Accepting the Invitation

Chapter Talks

Once again, we have a parable that Jesus uses to teach the word of God. The parable for this 28th Sunday is a wedding feast that a king has prepared for his son. If we were to do a scholarly review of the text, we would see that the early church used this parable by adding on its own moral precepts through inserting allegory into the parable. There is nothing ‘wrong’ with this, but it can elude the underlying meaning of Jesus’ message in this particular parable. For example: the servants sent out to invite people are ‘mistreated’ and some ‘killed’. And then the king sends ‘his troops’ who go and ‘kill those murderers’. So: what happens to Jesus’ earlier teaching on ‘Love your enemies’…and ‘if you are struck on one cheek, offer your other cheek’? Remember in an earlier chapter talk I mentioned that the Jesuit scripture scholar Fr. John Donahue stated that Jesus in his parables disorients us in order to orient our minds and hearts to see as God sees. Jesus disorients human ways and he challenges the old way of ‘an eye for an eye and a tooth for a tooth’ with the radical call for love…indeed our love must extend to include our enemies.

October 11, 2020 Read More

A God of Paradox

Chapter Talks

“For my thoughts are not your thoughts, nor are your ways my ways’, says the Lord” (Is 55:8). Well, these words from the prophet Isaiah should be humbling to say the least! If the way we think, or the many thoughts that flood our consciousness are not God’s thoughts, then how do we come to know the mind and heart of God? Added to this, we believe we know ways and means and yet often our ways are not God’s ways! How do we come to recognize in truth God’s ways? How do we sense that an idea or thought is from God, from the small still voice of the Spirit? Do we even ponder or reflect enough, asking ourselves what is God’s way or God’s thought on what to do in a specific situation? Are we ready to surrender our thoughts, to descend beneath the flow of thoughts, to dwell in the silence and to wait for the Word to speak?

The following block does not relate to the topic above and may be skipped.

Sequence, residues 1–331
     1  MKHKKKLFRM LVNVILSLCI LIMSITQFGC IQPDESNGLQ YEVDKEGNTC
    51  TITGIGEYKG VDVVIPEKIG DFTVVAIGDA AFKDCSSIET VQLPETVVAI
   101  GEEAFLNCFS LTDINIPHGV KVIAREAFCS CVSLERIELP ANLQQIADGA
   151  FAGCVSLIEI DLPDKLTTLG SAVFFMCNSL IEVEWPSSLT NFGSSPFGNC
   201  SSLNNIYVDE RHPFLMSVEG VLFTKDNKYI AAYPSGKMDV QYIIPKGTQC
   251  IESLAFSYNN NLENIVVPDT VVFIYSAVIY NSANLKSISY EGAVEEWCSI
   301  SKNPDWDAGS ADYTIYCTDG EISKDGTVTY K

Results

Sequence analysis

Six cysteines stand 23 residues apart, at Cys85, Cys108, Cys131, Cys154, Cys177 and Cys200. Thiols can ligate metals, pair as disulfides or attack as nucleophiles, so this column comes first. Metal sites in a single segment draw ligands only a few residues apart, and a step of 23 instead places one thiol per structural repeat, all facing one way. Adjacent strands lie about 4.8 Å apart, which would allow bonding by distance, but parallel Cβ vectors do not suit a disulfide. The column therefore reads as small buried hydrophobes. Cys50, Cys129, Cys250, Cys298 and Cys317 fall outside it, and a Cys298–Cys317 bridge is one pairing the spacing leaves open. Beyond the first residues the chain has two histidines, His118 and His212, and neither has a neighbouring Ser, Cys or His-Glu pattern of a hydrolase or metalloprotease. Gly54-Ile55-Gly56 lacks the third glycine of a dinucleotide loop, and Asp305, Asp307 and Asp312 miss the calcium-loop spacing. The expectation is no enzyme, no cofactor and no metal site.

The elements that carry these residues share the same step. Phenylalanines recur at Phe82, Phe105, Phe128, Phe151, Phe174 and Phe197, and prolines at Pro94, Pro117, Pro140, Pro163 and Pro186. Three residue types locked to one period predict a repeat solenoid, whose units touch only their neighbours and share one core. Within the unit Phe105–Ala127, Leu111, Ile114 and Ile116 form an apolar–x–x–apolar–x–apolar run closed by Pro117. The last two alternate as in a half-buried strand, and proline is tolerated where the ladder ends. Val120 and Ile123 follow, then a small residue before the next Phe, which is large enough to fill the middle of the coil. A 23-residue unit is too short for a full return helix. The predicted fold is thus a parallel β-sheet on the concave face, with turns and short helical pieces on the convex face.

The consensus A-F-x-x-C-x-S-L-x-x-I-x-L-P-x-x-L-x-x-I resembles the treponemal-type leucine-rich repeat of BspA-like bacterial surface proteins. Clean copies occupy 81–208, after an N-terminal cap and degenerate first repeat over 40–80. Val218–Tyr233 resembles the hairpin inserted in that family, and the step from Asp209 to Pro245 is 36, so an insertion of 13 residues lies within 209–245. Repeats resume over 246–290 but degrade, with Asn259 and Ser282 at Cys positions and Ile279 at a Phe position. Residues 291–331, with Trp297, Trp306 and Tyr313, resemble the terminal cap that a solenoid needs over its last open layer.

September 20, 2020 Read More

Forgiveness from the Heart

Chapter Talks

Peter asks Jesus: “If my brother or sister sins against me, how often must I forgive? As many as seven times?” We all know by heart Jesus’ answer: “I say to you, not seven times but seventy-seven times” (Mt 18:21). What is Jesus saying? The obvious answer is there is no numerical quantity to forgiveness. We must always forgive or be ready in heart to forgive. To go deeper: what is this saying about the nature of God and Jesus’ embodiment of who God is? If this is how magnanimous the heart of God is, does this not indicate how we are to be in heart and action?

September 13, 2020 Read More

Towards a Radical Forgiveness

Chapter Talks

“If your brother or sister sins against you…” (Mt 18:15): what are we to do? This is the theme for this Sunday’s Eucharist. All three readings circle around this theme. On the surface, the response about what to do may appear simple…It is not. Here in the gospel narrative the nascent Church is attempting to establish a paradigm for followers of Jesus. We all form and are part of the body of Christ…and this includes those who sin, or even when we sin…No matter, sinners or not, we are still part of this one living body of forgiveness and love. The epistle from Romans I would suggest is the key to unveiling the approach Jesus is asking. What we ‘owe’ to one another is nothing but ‘love’: “Love does no evil to the neighbor, hence, love is the fulfillment of the law” (Rm 13:10). ‘Love’ in this context contains other virtues such as mercy, compassion, humility….

September 06, 2020 Read More

Our Daily Crosses - Large and Small

Chapter Talks

Pope Francis was drawn to this epitaph of Saint Ignatius: “‘Not to be confined to what is greater, but to be concerned with what is smaller: this is divine’” (The Mind of Pope Francis, p.10). Pope Francis commented on this epitaph: “’We could translate it this way: without turning away from that which is higher, we must bend down to pick up what is apparently small in the service of God; or while remaining attentive to what is farther away, we must worry about what is closer’” (p.10). What is this saying to us? There is a tension in this epitaph between the ‘greater’ and the ‘smaller’. Held in the tension of these two opposites is potential life…the larger goal we are to keep our heart’s eye upon, while doing the daily work of the ‘small’, which as St. Ignatius says, is divine.

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